Outlander Recap: Episode 1.1 - "Sassenach"

When I heard that Ronald D. Moore, of Battlestar Galactica fame, was adapting Diana Gabaldon's epic time travel romance, Outlander, I knew I had to watch. So I'll be here each week, recapping all the Scottish sexiness for you. Since this is the pilot episode ("Sassenach"), we have a lot to cover, so let's jump right in!

We open on a sweeping shot of the Scottish highlands, all blue sky and green, rocky outcroppings while a voiceover tells us that "people disappear all the time."

Our narrator, a woman, takes us to a crucial moment in her life: we see her from behind — dark curly hair, a blue overcoat, standing in front of a general store while she voices over that she'd never owned a vase, because she'd never lived anywhere long enough to put down roots and acquire real possessions beyond necessities.

The camera pulls around and we see our narrator/heroine, Claire, for the first time. She desperately wants the vase in the general store window, but doesn't buy it. Spoilers, Claire! But maybe it would've changed everything, she thinks. Um, is it ... is it a magic vase?

She tells us that World War II had just ended six months prior and we flash back to a medical tent where Claire, an army nurse, is tending a wounded man. After patching up one nasty-looking wound, Claire wanders away from the tent. Another nurse runs up to her, hands her a bottle of champagne and tells her the war is over. Sweet. A raucous celebration breaks out in the army camp, but Claire, blood streaked across her face, stands on the edge of the revelry, looking thoughtful as she takes a swig of champagne directly from the bottle. This is when I decided I liked Claire a lot.


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We're back to Claire in front of the general store window, gazing longingly at the Vase of Life-Changing Significance. But Claire has already spoiled us on her own story, so we know she doesn't buy it. Instead she walks away, declaring that if she could do it all again, she'd make the same choice. Hmm, wonder what that means.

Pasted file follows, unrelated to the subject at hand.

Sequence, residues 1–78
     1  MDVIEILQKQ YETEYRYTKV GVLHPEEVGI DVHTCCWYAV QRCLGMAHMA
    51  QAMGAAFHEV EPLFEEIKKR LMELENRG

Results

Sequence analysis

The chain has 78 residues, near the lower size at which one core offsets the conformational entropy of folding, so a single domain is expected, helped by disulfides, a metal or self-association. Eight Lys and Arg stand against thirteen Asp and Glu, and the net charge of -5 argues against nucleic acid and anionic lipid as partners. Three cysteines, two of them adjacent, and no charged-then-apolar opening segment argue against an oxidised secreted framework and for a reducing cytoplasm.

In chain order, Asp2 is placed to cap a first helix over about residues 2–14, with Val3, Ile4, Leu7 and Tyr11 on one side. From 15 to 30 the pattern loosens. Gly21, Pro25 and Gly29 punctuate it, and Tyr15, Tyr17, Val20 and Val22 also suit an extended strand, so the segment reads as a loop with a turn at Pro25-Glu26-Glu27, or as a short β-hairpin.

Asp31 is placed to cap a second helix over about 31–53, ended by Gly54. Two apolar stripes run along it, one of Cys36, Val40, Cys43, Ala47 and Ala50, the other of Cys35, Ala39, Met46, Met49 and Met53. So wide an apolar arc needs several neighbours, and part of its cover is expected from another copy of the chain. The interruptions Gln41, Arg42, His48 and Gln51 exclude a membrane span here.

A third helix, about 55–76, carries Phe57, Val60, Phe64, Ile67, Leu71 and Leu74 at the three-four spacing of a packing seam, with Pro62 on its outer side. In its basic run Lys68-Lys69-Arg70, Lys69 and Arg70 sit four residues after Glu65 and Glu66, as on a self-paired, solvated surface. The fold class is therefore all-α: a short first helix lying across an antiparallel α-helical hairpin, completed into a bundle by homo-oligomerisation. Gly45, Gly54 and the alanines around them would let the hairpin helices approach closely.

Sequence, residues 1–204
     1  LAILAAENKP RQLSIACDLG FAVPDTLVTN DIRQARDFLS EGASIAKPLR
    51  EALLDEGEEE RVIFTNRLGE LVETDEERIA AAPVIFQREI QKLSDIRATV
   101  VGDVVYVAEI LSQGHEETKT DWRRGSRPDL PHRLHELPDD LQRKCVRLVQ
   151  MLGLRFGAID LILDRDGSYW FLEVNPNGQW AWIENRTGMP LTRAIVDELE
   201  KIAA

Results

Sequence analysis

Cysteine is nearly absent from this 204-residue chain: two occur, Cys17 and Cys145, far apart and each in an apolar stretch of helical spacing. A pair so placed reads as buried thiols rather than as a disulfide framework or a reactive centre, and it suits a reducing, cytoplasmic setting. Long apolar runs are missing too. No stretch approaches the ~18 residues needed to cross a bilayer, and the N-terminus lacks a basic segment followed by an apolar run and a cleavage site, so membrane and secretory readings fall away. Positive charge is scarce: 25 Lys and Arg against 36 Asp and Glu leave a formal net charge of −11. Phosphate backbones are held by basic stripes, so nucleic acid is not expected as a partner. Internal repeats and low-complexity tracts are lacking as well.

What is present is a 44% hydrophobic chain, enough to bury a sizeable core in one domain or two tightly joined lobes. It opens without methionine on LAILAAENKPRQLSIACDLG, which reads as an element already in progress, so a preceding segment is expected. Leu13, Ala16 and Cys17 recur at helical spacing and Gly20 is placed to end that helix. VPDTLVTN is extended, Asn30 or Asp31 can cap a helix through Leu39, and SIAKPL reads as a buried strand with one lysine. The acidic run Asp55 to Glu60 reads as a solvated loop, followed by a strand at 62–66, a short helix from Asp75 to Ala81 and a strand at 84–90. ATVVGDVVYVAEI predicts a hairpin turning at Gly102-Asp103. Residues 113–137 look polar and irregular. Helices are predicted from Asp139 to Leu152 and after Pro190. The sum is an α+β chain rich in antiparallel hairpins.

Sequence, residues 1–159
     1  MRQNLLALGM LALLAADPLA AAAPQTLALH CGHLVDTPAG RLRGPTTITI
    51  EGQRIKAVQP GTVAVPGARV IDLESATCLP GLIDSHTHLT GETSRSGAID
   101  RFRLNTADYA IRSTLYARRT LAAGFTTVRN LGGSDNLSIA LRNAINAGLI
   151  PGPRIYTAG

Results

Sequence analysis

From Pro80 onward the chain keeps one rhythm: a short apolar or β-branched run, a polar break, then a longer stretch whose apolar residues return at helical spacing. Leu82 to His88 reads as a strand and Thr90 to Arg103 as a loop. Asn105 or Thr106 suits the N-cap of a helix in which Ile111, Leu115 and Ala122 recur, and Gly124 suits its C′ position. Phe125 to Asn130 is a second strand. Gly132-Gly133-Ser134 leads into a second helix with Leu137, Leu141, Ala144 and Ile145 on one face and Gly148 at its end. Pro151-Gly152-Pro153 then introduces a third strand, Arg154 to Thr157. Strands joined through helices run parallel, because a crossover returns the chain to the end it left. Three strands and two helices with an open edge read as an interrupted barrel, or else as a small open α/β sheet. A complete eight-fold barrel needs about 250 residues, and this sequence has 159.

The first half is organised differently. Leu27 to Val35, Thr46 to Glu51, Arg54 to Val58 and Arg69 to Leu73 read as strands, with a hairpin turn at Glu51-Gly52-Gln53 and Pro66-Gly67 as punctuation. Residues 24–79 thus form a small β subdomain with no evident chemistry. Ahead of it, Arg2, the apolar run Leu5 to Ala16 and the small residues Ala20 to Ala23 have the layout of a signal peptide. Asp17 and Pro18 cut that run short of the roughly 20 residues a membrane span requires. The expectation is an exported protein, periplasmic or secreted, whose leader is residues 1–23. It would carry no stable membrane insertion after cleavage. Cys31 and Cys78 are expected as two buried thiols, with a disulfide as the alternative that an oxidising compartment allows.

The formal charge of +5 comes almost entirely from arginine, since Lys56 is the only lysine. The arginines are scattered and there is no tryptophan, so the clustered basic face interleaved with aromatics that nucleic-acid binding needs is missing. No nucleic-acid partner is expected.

Credits roll! Beautiful vistas! Pretty people! Scored by Bear McCreary!

It's 1946: Claire and her husband Frank are enjoying their second honeymoon in Inverness, Scotland after five years apart, separated by the war. In a completely not ominous turn of events, the inn they're staying in has blood over the doorway. Fun fact: Frank is played by Tobias Menzies, whom you may know as Edmure Tully from Game of Thrones; he was the groom at the infamous Red Wedding, so he's pretty much batting 0-2 in the marriage game. Poor Frank. Poor Edmure.

Frank is a historian so he chats up the innkeeper and learns the blood is a sacrifice to St. Oran and that Samhain, a Gaelic pagan festival akin to Halloween, is just around the corner. Huh, sounds like a promising omen of the marital bliss to come! Claire warns the innkeeper that her husband could hold forth on history for hours. Wow, he must be a lot of fun at parties. If this were 2014 instead of 1946, Frank would totally be the guy who cornered me by the cheese plate and casually chatted me up about 14th century weaponry. NO THANKS.

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Once settled in their room, Frank is all "let me unpack my books" and Claire is all "we've seen each other 10 days in five years, take your pants off." Claire is a saucy minx who drinks champagne straight from the bottle and I LOVE IT. But before they get to the getting-it-on portion of the evening, they talk about how much they missed one another. I am quickly filled with shame for assuming Frank is a bore, as he tenderly lifts Claire's hand and tells her he sketched the lines of her hand, over and over, as he missed her, alone in London. I'm sorry, Frank. You can stay. I like you.

The next morning, they drive through the highlands, with Frank pointing out various places of note, like Cocknammon Rock, which British soldiers used as a hiding place to ambush Scottish rebels in the 17th and 18th centuries. Claire VOs -- hope you all like voiceovers, because there's plenty to be had here! -- that she doesn't mind Frank's zealous love of history, since she used to accompany her uncle on archaelogical digs. We briefly flash back to one such dig, where we confirm that Claire, unlike your humble recapper, never had an awkward phase. Damn you, Claire.